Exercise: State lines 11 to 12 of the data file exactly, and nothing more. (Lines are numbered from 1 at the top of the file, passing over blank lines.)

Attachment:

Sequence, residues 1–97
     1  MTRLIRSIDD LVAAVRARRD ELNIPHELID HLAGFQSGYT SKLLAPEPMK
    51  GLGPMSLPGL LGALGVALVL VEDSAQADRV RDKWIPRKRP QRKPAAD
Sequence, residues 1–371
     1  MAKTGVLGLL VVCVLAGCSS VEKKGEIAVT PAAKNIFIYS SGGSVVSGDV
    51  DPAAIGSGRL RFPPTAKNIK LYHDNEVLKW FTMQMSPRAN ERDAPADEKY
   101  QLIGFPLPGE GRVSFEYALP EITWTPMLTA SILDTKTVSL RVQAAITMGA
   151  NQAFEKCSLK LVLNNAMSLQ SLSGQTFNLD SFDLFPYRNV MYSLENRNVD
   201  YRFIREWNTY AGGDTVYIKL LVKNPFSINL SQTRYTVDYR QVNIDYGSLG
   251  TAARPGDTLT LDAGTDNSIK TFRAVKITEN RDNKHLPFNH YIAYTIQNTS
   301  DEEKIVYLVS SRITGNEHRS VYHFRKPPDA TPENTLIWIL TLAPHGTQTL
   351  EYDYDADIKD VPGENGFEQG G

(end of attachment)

   301  DEEKIVYLVS SRITGNEHRS VYHFRKPPDA TPENTLIWIL TLAPHGTQTL
   351  EYDYDADIKD VPGENGFEQG G